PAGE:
3. Inspection contingencies were always the norm because the banks provide no disclosures or reports. Unfortunately this lead to a very high percentage of transaction falling through. Banks definitely prefer no inspection contingencies, so a buyer who inspects before making an offer will have an advantage. This means if you find a home you really want that is bank owned it is a good idea to give the most generous offer you are comfortable with and inspect the house ahead of time. It cost some money, but it is important if you are in a multiple offer situation. I had clients beat out 12 other offers on a very rare bank owned property in Palo Alto by presenting an offer with not loan or property contingencies since they did their inspections before making the offer.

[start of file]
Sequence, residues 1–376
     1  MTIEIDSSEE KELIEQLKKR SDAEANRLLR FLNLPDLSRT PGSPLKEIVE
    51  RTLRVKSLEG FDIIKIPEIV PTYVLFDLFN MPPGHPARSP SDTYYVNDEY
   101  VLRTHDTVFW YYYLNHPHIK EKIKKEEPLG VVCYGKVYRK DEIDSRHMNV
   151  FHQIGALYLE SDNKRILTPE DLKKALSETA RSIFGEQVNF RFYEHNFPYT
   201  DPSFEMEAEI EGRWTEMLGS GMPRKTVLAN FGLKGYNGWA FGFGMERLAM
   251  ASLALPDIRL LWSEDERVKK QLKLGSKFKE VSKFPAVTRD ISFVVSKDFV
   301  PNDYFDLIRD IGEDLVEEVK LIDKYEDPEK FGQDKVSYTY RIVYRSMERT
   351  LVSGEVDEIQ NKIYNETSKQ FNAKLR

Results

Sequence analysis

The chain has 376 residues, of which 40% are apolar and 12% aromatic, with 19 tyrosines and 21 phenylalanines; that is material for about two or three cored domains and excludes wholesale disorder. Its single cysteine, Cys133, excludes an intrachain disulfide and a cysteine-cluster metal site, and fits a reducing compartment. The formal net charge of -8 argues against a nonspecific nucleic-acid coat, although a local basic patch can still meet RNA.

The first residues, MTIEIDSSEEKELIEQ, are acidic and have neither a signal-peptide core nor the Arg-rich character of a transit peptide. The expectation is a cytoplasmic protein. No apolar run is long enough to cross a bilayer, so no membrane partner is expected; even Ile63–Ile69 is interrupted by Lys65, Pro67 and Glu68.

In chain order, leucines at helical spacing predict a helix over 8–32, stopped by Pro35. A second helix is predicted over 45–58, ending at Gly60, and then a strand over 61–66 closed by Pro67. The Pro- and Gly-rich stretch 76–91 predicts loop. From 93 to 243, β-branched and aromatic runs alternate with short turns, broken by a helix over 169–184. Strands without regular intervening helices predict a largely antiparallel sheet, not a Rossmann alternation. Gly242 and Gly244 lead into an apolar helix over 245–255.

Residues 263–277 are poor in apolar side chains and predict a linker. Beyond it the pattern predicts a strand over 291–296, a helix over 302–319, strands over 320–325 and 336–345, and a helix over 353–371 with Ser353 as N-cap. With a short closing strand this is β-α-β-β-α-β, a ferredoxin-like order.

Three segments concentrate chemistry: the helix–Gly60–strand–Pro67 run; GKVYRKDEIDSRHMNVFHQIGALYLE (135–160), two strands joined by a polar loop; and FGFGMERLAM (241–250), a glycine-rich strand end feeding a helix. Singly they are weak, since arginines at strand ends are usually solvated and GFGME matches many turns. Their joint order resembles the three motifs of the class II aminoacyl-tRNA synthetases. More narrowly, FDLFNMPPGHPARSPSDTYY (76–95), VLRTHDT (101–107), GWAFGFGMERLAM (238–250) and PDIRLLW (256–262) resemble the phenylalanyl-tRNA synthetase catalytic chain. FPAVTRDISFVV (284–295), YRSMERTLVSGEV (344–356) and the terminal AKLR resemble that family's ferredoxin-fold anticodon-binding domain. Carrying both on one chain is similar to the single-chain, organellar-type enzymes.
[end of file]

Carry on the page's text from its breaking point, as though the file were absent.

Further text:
4. If you do need to get a loan many of the banks will ask you to get pre-qualified with their own bank or with a preferred lender. It is almost impossible to use a mortgage broker for your pre-approval letter so be sure to have a pre-approval from a direct lender and then get the pre-qual from the bank’s preferred lender. Some banks, like Bank of America or Chase will give the buyer some incentives if they use that bank to purchase the house. I had one client who was buying a foreclosure from Countrywide. They agreed to use Countrywide for their loan and when it came time for the appraisal, the appraiser said Countrywide could not lend on the house that they had just foreclosed on because it needed a new roof. I know it seems ridiculous, but I promise I am not making this up. The good news for my clients was that since they could not buy the house from Countrywide with a Countrywide loan without a new roof, Countrywide agreed to put a new roof on the house. Not only that, but the Countrywide appraiser said their house was worth less than my clients had offered and less than what the previous Countrywide appraiser said, so Countrywide agreed to lower the price. I am not convinced any of this would have gone my client’s way if they had used a different lender.